see also: Bottom
  • (RP) IPA: /ˈbɒtəm/
  • (America) IPA: /ˈbɑtəm/, [ˈbɑɾəm]


  1. The lowest part of anything.
    • 18, Thomas Babington Macaulay, chapter 13, in The History of England from the Accession of James the Second, volume (please specify ), London: Longman, Brown, Green, and Longmans, OCLC 1069526323 ↗:
    • 1881, Robert Louis Stevenson, Treasure Island, chapter 19
      a great ship's kettle of iron, with the bottom knocked out}}
    • No two chairs were alike; such high backs and low backs and leather bottoms and worsted bottoms.
    Footers appear at the bottoms of pages.
    1. A garment worn to cover below the torso (as opposed to the top)
      There's a hole in her pyjama bottoms.
  2. (uncountable, British, slang) Character, reliability, staying power, dignity, integrity or sound judgment.
    lack bottom
  3. (British, US) A valley, often used in place names.
    Where shall we go for a walk? How about Ashcombe Bottom?
    • the bottoms and the high grounds
  4. The buttocks or anus.
  5. (nautical) A cargo vessel, a ship.
    • 1881, Robert Louis Stevenson, Virginibus Puerisque:
      We sail in leaky bottoms and on great and perilous waters; [...]
  6. (nautical) Certain parts of a vessel, particularly the cargo hold or the portion of the ship that is always underwater.
    • c. 1596–1598, William Shakespeare, “The Merchant of Venice”, in Mr. William Shakespeares Comedies, Histories, & Tragedies: Published According to the True Originall Copies (First Folio), London: Printed by Isaac Iaggard, and Ed[ward] Blount, published 1623, OCLC 606515358 ↗, [Act I, scene i]:
      My ventures are not in one bottom trusted.
    • Not to sell the teas, but to return them to London in the same bottoms in which they were shipped.
  7. (baseball) The second half of an inning, the home team's turn at bat.
  8. (BDSM) A submissive in sadomasochistic sexual activity.
  9. (LGBT, slang) A person with a preference for being penetrated during sexual intercourse.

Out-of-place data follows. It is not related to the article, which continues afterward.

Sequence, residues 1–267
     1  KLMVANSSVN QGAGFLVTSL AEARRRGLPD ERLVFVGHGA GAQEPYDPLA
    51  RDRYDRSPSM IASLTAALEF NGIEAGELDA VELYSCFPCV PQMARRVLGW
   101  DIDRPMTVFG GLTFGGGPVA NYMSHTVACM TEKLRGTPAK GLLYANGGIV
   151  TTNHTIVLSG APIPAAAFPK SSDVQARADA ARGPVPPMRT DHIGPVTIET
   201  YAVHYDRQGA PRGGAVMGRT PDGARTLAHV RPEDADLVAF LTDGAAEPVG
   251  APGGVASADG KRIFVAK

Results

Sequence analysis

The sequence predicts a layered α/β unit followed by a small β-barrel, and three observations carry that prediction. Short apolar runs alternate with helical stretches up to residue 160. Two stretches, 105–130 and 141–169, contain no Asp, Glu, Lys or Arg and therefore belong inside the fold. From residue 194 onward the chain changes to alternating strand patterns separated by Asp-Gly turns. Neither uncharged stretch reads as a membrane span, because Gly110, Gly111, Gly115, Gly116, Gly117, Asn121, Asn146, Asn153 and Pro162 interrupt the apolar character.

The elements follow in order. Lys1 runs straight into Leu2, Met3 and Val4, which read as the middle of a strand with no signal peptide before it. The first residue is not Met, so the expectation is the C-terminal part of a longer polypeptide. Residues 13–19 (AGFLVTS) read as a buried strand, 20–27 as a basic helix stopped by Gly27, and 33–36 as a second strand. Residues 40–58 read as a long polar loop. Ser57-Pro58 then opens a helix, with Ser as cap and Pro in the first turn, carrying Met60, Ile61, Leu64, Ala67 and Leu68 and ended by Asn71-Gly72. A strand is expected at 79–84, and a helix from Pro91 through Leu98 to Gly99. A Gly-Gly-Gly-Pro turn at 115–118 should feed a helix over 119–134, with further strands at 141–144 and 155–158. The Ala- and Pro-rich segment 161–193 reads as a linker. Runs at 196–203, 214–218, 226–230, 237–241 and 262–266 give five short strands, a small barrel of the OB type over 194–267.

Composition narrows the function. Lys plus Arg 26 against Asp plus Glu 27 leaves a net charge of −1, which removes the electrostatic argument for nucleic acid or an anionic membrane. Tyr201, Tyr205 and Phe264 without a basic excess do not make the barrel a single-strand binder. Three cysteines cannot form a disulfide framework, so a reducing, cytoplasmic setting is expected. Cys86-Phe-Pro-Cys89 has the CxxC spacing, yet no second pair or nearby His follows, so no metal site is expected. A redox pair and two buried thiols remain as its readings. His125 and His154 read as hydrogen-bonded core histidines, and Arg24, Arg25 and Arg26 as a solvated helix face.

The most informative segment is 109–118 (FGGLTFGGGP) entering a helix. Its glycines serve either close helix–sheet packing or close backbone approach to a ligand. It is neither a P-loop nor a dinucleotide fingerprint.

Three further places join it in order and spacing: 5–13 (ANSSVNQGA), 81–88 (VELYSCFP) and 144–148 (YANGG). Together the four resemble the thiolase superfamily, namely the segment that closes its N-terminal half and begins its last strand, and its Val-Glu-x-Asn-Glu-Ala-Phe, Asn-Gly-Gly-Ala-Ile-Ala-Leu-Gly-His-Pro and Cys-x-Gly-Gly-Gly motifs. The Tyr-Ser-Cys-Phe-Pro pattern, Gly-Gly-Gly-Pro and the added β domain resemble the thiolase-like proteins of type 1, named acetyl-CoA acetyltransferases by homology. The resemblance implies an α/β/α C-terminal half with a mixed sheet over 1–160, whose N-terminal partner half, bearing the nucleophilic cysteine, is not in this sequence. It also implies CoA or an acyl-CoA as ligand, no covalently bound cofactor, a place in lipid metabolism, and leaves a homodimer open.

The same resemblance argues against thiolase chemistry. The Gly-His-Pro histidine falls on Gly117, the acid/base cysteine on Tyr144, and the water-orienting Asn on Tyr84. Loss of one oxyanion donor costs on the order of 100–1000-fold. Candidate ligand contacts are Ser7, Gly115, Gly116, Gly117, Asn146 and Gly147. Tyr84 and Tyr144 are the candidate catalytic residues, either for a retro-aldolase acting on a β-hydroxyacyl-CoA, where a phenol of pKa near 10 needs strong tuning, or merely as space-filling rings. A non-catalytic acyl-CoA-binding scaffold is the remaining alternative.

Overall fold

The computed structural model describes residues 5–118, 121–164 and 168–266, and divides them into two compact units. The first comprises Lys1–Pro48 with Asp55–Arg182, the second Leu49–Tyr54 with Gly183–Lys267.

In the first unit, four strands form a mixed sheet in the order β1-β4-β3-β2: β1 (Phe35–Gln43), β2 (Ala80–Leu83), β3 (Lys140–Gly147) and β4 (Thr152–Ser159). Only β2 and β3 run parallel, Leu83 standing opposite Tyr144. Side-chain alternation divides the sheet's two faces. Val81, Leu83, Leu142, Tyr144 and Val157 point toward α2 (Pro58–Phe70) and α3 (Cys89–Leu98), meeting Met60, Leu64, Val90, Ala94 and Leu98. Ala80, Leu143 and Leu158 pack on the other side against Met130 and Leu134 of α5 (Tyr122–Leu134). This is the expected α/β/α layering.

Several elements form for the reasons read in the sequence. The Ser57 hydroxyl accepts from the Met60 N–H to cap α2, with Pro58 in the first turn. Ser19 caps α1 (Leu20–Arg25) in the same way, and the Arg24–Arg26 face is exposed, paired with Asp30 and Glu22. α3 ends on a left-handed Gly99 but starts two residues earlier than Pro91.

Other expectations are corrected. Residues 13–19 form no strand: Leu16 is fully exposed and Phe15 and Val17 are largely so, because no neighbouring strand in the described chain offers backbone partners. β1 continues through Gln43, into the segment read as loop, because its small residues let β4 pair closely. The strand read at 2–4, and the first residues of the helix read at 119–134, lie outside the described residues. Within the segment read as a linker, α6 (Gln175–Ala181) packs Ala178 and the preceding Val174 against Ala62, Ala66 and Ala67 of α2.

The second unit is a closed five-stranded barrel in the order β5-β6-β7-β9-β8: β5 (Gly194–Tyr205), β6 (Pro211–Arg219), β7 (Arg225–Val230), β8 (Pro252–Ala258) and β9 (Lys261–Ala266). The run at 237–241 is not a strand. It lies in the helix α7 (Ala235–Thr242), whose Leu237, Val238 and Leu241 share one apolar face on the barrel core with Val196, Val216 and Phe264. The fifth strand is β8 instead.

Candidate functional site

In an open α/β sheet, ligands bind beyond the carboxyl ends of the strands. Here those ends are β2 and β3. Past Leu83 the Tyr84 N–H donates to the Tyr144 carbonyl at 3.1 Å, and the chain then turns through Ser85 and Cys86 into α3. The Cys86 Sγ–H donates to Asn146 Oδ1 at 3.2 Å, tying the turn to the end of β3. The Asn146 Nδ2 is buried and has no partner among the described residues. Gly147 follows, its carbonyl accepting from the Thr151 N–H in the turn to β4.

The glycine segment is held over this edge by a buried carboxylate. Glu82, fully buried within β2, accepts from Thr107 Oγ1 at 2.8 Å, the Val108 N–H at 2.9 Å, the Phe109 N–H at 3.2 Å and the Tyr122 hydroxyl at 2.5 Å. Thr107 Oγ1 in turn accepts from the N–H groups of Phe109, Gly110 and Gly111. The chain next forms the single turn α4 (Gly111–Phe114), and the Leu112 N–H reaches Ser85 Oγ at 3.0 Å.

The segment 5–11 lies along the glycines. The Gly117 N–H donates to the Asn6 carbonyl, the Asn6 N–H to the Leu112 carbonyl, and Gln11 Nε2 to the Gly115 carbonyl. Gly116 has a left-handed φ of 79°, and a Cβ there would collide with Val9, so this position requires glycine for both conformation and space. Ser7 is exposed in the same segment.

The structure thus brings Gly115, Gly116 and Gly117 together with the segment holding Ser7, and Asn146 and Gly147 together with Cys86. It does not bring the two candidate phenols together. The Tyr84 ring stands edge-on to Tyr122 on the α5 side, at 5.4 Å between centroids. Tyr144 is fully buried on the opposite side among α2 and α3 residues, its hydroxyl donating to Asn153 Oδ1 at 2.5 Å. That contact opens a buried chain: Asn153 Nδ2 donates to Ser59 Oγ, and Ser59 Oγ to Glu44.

10. (physics) A bottom quark.
  11. (often, figuratively) The lowest part of a container.
  12. A ball or skein of thread; a cocoon.
    • Silkworms finish their bottoms in […] fifteen days.
  13. The bed of a body of water, as of a river, lake, or sea.
  14. An abyss.
  15. (obsolete) Power of endurance.
    a horse of a good bottom
  16. (obsolete) Dregs or grounds; lees; sediment.
  17. (usually: bottoms or bottomland) Low-lying land near a river with alluvial soil.
Synonyms Antonyms Translations Translations Translations Translations Verb

bottom (bottoms, present participle bottoming; past and past participle bottomed)

  1. (transitive) To furnish (something) with a bottom. [from 16th c.]
    to bottom a chair
  2. (obsolete) To wind (like a ball of thread etc.). [17th c.]
    • 1623, William Shakespeare, Two Gentlemen of Verona, First Folio, III.2:
      As you vnwinde her loue from him, / Lest it should rauel and be good to none, / You must prouide to bottome it on me.
  3. (transitive) To establish or found (something) on or upon. [from 17th c.]
    • 1790, Edmund Burke, Reflections on the Revolution in France, Oxford 2009, p. 26:
      But an absurd opinion concerning the king's hereditary right to the crown does not prejudice one that is rational, and bottomed upon solid principles of law and policy.
    • those false and deceiving grounds upon which many bottom their eternal state
    • 2001, United States Congress House Committee on the Judiciary, Subcommittee on Commercial and Administrative Law, Executive Orders and Presidential Directives, p.59:
      Moreover, the Supreme Court has held that the President must obey outstanding executive orders, even when bottomed on the Constitution, until they are revoked.
  4. (transitive, chiefly, in passive) To lie on the bottom of; to underlie, to lie beneath. [from 18th c.]
    • 1989, B Mukherjee, Jasmine:
      My first night in America was spent in a motel with plywood over its windows, its pool bottomed with garbage sacks.
  5. (obsolete, intransitive) To be based or grounded. [17th–19th c.]
    • 'c. 1703, John Locke, Some Thoughts Concerning Reading and Study for a Gentleman
      Find out upon what foundation any proposition advanced bottoms.
  6. (mechanics, intransitive) To reach or strike against the bottom of something, so as to impede free action. [from 19th c.]
  7. To fall to the lowest point. [from 19th c.]
  8. (intransitive) To be the more passive or receiving partner in a sexual act or relationship; to be submissive in a BDSM relationship; to be anally penetrated in gay sex. [from 20th c.]
    I've never bottomed in my life.

bottom (not comparable)

  1. The lowest or last place or position.
    Those files should go on the bottom shelf.

Proper noun
  1. Surname

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